0 Plays ·Posted 10/06/2022
It's leaf-peeping time in the northern hemisphere, when trees break into riots of color as autumn plows a path from north to south. Two of the best regions for capturing the show here in the US are across New England and along California's magnificent Sierra Nevada. To help get you up to speed when preparing for your own foliage excursions, we speak with landscape photography specialists in each of these regions—Jerry Monkman, in New England, and G. Dan Mitchell
One of the most picturesque subjects of the year, fall foliage offers a chance for photographers to show off their landscape shooting chops and revel in some of the most distinct and pleasing colors nature has to offer. Marking the change of season from summer to autumn, and indicating colder temperatures to come, this brief period, where leaves change from green to rust, is worth celebrating, viewing, and photographing.
Above photograph: Taken with Sony FE 85mm f/1.8 Lens
Photographing fall foliage and autumn landscapes doesn't necessarily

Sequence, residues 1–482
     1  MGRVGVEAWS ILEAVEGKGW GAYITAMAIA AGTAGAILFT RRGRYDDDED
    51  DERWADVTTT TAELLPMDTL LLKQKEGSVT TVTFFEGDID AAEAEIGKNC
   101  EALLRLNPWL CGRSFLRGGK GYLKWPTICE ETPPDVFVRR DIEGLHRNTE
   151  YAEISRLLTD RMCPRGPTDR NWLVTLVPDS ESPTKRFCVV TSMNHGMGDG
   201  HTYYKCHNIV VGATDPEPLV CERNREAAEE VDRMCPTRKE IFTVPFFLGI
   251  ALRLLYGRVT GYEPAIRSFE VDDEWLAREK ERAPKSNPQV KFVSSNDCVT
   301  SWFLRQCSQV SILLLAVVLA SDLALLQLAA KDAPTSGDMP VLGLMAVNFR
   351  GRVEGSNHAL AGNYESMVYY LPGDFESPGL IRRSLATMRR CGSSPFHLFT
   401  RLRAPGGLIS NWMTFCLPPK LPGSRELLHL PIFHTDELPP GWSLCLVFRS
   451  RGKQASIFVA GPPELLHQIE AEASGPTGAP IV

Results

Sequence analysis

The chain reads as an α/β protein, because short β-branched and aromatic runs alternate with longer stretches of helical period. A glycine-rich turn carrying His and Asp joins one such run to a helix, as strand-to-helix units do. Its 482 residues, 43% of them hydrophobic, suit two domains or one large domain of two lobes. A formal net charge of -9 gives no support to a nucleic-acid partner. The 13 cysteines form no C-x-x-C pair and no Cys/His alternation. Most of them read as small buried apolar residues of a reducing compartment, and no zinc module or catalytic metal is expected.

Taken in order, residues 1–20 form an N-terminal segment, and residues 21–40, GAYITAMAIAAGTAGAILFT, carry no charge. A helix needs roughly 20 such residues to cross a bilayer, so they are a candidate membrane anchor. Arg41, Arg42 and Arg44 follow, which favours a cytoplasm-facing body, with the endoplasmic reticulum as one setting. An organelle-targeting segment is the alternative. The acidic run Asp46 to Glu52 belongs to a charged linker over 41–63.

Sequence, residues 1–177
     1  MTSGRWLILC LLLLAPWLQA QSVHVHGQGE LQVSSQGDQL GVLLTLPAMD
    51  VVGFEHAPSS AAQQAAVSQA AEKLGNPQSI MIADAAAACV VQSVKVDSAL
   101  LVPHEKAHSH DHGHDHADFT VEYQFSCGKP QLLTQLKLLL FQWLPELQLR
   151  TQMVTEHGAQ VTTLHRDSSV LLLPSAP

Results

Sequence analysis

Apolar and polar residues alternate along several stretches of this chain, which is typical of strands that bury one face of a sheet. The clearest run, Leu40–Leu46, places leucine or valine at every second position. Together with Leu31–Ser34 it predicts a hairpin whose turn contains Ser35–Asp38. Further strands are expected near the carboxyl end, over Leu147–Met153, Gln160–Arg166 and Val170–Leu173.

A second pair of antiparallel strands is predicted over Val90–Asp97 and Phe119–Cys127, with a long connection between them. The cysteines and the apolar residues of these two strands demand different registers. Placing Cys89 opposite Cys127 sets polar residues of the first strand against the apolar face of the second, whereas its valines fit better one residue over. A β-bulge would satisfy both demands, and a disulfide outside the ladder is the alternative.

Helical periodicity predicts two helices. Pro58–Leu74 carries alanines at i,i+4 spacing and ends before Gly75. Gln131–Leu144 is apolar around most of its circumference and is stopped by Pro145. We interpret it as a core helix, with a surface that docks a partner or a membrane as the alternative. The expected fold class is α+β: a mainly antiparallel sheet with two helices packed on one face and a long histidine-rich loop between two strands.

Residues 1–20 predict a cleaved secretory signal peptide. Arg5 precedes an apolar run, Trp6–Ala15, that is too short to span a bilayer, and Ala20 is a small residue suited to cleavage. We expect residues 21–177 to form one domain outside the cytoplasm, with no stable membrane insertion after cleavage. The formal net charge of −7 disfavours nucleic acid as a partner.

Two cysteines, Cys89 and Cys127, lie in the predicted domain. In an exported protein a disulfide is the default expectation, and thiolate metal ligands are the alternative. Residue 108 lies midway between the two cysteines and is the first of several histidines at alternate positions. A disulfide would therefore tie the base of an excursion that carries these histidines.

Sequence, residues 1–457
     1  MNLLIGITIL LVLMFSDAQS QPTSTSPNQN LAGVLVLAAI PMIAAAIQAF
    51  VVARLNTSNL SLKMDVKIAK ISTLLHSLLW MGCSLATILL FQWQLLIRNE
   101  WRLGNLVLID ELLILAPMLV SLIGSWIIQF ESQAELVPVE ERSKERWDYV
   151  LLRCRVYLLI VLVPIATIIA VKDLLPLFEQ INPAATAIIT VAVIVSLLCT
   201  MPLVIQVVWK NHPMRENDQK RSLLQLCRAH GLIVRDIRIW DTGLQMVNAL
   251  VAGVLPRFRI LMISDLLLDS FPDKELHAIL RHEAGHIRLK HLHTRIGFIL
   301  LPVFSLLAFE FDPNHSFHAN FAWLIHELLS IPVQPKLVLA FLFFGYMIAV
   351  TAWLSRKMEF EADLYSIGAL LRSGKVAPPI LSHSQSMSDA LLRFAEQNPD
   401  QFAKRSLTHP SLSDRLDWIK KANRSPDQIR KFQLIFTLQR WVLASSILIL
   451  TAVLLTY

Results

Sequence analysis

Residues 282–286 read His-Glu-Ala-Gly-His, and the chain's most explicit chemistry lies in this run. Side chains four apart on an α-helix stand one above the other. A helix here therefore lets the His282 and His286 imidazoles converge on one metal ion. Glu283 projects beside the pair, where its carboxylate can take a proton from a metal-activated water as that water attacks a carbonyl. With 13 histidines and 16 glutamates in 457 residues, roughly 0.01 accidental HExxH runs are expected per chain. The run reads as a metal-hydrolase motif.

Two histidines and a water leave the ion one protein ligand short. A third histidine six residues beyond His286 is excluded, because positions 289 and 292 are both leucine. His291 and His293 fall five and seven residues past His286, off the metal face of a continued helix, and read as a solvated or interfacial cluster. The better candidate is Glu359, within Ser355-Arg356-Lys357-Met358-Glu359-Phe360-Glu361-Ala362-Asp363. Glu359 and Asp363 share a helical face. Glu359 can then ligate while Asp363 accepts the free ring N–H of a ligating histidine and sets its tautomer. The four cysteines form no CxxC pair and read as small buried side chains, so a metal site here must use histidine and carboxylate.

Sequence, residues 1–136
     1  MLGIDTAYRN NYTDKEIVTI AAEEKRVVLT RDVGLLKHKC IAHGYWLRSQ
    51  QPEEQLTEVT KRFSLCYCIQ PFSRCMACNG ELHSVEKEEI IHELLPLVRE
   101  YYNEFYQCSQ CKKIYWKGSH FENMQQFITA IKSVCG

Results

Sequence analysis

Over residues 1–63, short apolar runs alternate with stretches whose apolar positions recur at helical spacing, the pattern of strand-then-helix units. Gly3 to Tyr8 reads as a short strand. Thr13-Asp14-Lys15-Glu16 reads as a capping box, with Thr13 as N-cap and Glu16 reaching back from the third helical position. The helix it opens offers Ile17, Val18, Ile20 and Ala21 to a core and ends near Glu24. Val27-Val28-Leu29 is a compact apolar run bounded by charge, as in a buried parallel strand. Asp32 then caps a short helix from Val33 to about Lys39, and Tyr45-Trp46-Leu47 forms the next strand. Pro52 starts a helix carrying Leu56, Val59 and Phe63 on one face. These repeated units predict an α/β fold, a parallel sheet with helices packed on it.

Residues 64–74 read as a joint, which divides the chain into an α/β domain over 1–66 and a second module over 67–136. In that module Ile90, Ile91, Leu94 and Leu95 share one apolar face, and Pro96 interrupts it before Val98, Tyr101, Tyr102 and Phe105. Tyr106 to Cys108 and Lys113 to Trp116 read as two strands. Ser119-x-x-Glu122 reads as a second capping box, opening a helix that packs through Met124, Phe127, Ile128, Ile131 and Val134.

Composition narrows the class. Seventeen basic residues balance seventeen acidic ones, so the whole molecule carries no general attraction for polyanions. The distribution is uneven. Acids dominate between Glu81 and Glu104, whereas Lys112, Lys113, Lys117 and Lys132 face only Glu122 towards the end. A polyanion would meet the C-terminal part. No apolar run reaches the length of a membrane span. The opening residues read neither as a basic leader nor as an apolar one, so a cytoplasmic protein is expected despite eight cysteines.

While the specific origin remains fuzzy, an early appearance of the term Leaf Peeper—or Leaf Peeker, as initially used—is said to have surfaced as a newspaper headline in 1960s Vermont. Foliage tourism is legendary all over New England, but the neighboring states of Vermont and New Hampshire offer up a kaleidoscopic adventure in a tidy nutshell. Their shared border, similar shapes and compact size—respectively ranked as the 45th and 46th smallest states in the nation—is a handy springboard for a wide range of pictorial opportunities.
Each autumn, as the days get shorter and the weather cools, chlorophyll production slows in hardwood trees and bushes, causing leaves to lose the vibrant green of summer. As these conditions overtake the map, nature puts on a brilliant show of color in many parts of the United States. The changing of the leaves follows a rough pathway from north to south, starting in early September and often lasting into November in southern locales.
Above photograph: Colorado Gold, Maroon Bells Scenic Area © Bryan Carnathan
Fall foliage season is a big draw